To help with this, make sure you don’t just listen to your child read – ask them some questions about the book too and make observations yourself. Make up your own versions of what could happen next in a story you are sharing. Talk about what the author decided. What else could have happened? What did you notice about..?

Some of the school reading scheme books have comprehension questions inside the front and back cover.

 

If your child appears very unenthusiastic about reading – how can you get them interested in books?

 

According to Julie Bowtell, it’s about engendering a love of books and stories.

Parents could aim to provide bedtime stories, have story CDs in the car, DVDs of classic tales, to make regular visits to the local library.

 

Supporting Your Child At Home

There are many ways that you can help to support your child's learning in English at home and our teachers are always happy to support you. Below are some key ideas and starting points to help support your child's reading.

Read oftenread independently and read together. THIS MAKES AN ENORMOUS DIFFERENCE!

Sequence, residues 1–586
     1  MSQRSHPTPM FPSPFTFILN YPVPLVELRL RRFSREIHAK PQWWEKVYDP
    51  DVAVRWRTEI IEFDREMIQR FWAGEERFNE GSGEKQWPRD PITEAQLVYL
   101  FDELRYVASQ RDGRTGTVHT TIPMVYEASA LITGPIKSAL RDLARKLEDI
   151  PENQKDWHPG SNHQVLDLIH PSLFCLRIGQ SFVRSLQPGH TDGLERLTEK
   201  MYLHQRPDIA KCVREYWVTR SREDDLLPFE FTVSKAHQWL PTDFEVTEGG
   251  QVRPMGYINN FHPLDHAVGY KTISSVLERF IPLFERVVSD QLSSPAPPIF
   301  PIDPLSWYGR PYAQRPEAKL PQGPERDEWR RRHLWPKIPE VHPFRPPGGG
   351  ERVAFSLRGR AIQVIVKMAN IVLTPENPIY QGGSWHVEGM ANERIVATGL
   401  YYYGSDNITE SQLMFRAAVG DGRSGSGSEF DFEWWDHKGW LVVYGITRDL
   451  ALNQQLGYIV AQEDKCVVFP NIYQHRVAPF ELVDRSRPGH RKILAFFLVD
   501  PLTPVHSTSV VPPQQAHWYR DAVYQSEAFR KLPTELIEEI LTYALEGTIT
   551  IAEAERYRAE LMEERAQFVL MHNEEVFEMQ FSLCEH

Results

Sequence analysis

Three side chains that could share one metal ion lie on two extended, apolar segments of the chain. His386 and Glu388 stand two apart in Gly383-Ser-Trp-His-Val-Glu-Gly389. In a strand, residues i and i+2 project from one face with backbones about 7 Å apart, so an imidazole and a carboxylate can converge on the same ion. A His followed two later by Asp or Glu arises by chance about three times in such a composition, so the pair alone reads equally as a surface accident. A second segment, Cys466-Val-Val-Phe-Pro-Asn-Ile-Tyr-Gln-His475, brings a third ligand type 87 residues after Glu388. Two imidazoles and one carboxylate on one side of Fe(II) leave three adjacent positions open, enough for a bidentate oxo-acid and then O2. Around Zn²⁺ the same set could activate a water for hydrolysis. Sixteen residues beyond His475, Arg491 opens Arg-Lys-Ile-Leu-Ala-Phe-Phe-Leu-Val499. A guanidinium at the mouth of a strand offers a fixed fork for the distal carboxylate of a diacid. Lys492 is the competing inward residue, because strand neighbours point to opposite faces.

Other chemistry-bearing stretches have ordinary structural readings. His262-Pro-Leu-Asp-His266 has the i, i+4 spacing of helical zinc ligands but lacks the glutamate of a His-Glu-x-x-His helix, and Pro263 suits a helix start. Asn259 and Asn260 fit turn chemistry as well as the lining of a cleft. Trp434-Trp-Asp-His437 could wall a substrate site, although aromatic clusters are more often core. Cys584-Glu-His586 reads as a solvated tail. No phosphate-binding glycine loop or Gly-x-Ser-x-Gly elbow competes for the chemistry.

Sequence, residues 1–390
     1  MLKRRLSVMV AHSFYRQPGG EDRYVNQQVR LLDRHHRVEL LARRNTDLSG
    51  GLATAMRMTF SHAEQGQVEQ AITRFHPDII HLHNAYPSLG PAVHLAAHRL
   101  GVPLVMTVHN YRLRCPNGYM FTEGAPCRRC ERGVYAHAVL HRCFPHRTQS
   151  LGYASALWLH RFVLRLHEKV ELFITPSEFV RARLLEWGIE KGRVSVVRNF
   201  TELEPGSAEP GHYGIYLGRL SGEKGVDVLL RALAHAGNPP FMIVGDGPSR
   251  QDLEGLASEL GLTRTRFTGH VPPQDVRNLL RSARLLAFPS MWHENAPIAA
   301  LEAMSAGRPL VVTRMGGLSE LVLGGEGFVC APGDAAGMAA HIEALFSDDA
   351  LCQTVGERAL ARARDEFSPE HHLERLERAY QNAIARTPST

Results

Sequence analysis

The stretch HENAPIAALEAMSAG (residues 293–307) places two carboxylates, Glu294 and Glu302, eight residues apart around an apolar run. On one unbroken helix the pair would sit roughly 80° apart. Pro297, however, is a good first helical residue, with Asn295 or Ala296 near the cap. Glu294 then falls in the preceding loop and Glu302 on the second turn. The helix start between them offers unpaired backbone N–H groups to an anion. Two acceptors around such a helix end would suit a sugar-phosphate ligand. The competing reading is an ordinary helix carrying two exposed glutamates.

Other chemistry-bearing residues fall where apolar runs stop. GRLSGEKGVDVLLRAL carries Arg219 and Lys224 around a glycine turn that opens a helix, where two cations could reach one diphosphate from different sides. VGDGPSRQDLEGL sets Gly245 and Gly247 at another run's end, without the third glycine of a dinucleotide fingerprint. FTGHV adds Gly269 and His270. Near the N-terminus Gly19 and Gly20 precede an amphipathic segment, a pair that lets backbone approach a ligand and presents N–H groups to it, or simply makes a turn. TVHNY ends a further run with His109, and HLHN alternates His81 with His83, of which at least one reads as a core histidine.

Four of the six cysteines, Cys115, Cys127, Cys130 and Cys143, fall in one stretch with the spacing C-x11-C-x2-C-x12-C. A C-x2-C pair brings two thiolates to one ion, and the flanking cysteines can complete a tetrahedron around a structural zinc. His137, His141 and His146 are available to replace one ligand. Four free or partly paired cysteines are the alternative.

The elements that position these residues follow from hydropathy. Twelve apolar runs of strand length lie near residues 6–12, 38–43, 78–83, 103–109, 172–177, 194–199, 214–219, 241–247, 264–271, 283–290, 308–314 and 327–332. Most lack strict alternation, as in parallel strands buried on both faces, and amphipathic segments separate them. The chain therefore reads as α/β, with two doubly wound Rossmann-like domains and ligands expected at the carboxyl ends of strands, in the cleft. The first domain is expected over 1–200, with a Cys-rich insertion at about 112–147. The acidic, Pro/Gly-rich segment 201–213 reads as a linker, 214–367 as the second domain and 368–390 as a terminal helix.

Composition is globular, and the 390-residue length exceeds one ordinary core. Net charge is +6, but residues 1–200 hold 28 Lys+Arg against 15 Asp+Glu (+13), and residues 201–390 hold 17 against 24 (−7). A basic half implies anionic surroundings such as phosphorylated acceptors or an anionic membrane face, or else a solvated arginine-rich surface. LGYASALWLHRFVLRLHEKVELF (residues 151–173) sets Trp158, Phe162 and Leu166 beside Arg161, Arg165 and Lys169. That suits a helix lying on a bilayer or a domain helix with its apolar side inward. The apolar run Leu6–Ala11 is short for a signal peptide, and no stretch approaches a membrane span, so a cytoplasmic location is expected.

Here are some great reasons to read:

 

  • Sitting down with a book provides children with a time for quiet and calmness in their lives
  • Stories stimulate  imagination and play
  • It provides parents with more opportunities to bond with their children
  • Stories provoke curiosity and discussion
  • Books provides inspiration, thought and reflection
  • Picture books help readers to develop an appreciation for art and writing
  • Reading a variety of books exposes children to a wide range of language features and vocabulary
  • Listening to stories assists in the development of  literacy skills and language development
  • Books and stories fill a child’s mind with knowledge and new words
  • Reading is FUN!

 

Questions

Reading together provides a great opportunity to check your child's understanding about what they have read.

Question ideas:

'Who wore the football shirt to the party?'     'What was the name of the girl's cat?' & ' Using the information, what is the height of mount Kilimanjaro?'

More challenging inference and deduction questions:

'How did the detective know which house to visit?'   'What clues are there that the character doesn't like his swimming teacher?'   'How do you know that the bus journey was faster than usual?'  & 'Which word in the text is similar in meaning to scary?'

Recommended texts (KS2)

Below are the texts that your children will read in Key Stage 2.

Texts (Key Stage 1 and Early Years)

Please use this link https://images.scholastic.co.uk/assets/a/9f/bc/pie-corbett-with-page-no-1393983.pdf to see examples of texts that are suitable for Nursery, Reception and Key Stage 1 as well as some of the main texts that are used in Key Stage2.